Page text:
YOUR MONEY: Savings options: Lower returns are OK
The rate on my online savings account is as low as the temperature in Minneapolis. OK, that's an exaggeration. But when the Federal Reserve dropped its key interest rate to near zero last month in an attempt to restart the economy, my online savi...
The rate on my online savings account is as low as the temperature in Minneapolis. OK, that's an exaggeration. But when the Federal Reserve dropped its key interest rate to near zero last month in an attempt to restart the economy, my online savings account followed suit and dropped its rate for the sixth time in 2008.
There is little reward for saving money these days. Yet in this recession, Americans are stashing away more cash than they have in years. The quick-and-dirty U.S. Bureau of Labor Statistics savings rate, which measures the amount of money left over after monthly obligations, has climbed out of the red and into the black; it sat at 2.8 percent in November. Some economists expect that number to double by year's end.
If you're one of the many Americans realizing that having a cash cushion is critical, your rate of return should not be your top priority. With short-term cash, it's about "return of principal, not return on principal," said Jonathan Scharlau, a chartered financial analyst with SilverOak Wealth Management in Minneapolis.
"What we're telling our clients right now is to basically accept lower yields," he said.
That could be a tough sell for retirees relying on interest to pay the heating bill. But if you're looking for a place to stick your emergency fund, "the only thing that's safe as cash right now is Treasuries," he said. Scharlau advises investors to avoid Treasuries with durations of more than three years "because there's a bubble in intermediate and long-term Treasuries."
Financial Planning Association of Minnesota members Michael Arnold of Plymouth-based Retirement Planning Navigators and Lucas Bucl of Accredited Investors in Edina are opting for online savings accounts from institutions such as ING Direct, HSBC or Emigrant Direct.
"We are not buying Treasuries or CDs because yields are low, and we don't think the spread from money market funds is high enough to justify the reduced liquidity," Bucl wrote in an e-mail. With rates around 2.5 percent, FDIC insurance of as much as $250,000 per person per bank, and no strings attached, both say, such online accounts are very attractive.
Folks who want to keep their money closer to home might consider a community bank or credit union. Years of rate data from the National Credit Union Administration show that credit unions on average pay more than banks do on CDs and money market accounts. Community banks typically pay more than big financial conglomerates. Not only that, but keeping your deposit in a neighborhood institution allows the corner bank to lend to businesses in your own back yard, "promoting economic growth in your market," Marshall MacKay, president and CEO of the Independent Community Bankers of Minnesota, said.
Although deflation is back on the radar screen, some experts are still suggesting TIPS, or Treasury Inflation Protected Securities. These are government bonds that protect against inflation.
Both PIMCO's Bill Gross and Yale University endowment manager David Swensen have recently professed their love of TIPS, which can be purchased directly from the government in $100 increments through www.treasurydirect.gov .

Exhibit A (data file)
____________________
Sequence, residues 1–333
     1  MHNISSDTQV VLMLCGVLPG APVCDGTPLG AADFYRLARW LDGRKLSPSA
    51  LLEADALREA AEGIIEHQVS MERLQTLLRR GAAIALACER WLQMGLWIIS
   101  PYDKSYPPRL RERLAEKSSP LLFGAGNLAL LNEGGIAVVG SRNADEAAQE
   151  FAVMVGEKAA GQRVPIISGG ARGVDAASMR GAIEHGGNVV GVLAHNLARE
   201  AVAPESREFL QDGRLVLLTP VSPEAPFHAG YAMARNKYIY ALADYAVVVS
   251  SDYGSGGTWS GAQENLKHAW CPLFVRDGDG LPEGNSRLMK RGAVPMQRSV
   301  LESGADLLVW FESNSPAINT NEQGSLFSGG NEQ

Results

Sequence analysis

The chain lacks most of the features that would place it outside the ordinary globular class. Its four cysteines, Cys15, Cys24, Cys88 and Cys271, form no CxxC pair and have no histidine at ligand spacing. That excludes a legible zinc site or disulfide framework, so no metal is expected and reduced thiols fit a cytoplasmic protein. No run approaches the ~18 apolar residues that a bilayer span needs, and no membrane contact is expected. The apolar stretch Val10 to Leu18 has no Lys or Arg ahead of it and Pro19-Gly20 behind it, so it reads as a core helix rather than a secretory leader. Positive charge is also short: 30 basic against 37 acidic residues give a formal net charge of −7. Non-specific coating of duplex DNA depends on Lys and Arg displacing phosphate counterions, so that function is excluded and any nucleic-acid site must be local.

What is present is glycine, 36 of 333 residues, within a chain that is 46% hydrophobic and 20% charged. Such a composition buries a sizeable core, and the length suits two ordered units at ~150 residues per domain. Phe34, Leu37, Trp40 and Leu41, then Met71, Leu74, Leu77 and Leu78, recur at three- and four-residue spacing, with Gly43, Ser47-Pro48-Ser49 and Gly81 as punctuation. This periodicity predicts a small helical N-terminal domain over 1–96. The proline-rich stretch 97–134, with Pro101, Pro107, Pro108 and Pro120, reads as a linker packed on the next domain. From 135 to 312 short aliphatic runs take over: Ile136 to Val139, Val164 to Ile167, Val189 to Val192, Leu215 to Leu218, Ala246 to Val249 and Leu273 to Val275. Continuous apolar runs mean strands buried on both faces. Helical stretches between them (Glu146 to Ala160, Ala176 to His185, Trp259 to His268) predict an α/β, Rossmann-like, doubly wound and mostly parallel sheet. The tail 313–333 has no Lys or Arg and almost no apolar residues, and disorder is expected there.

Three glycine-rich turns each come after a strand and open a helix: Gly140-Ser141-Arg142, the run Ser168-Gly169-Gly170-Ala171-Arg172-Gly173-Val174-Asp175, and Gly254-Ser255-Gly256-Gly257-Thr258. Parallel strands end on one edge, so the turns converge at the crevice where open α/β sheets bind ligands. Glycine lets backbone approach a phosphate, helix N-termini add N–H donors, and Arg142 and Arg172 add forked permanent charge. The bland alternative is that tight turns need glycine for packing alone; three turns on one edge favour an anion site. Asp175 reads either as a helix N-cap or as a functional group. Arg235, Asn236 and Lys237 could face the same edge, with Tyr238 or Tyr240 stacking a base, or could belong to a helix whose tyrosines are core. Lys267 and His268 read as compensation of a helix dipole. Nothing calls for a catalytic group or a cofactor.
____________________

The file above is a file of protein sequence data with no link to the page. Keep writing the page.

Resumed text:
What about money market mutual funds?
"A regular prime money fund provides the best return for cash assets that will allow you to have overnight liquidity, but there is a risk that the fund has issues," said Jamie Jackson, a portfolio manager at Ameriprise Financial subsidiary RiverSource Investments.
The usually mundane money market fund saw its share of turmoil in 2008. The Reserve Primary Fund saw its shares fall below $1 in September. It is now involved in several lawsuits and it is being accused of fraud by the Massachusetts securities regulator.
Last year, a handful of financial companies had to put up money to support their own money market fund to avoid "breaking the buck." And returns are so low these days that fees can exceed the yield. A final wrinkle to mention is that funds could halt redemptions if necessary. So much for liquidity.
None of this stopped investors who gave up on stocks late last year from flocking to money market funds in recent weeks. Assets in money market funds continue to climb, increasing by $54.67 billion to $3.895 trillion for the reporting period ending Jan. 7, according to data from the Investment Company Institute.
If you want to join the pack, Jackson suggests that investors look at the quality of the issuer, although frankly I think that's nearly impossible to gauge these days. The Treasury Department's temporary guaranty program is more limited than you'd think, although Peter Crane, president of money market fund tracking company Crane Data, thinks the government would step in to protect investors in the rare event another fund breaks the buck.
No matter what short-term cash vehicle you're considering, think about convenience in addition to yield, said Crane. Is it worth going across town or putting up with another username and password for a few basis points? I also like Crane's so-called wildebeest strategy - "stay in the middle of the pack" when it comes to yields. You have to wonder why one company can offer so much more on a safe investment than the market, he said. Three good sites for comparing rates: www.bankrate.com , ww.cranedata.us, and imoneynet.com.
(Kara McGuire writes about personal finance. Write to her at email@example.com or at the Star Tribune, 425 Portland Ave., Minneapolis, MN 55488.)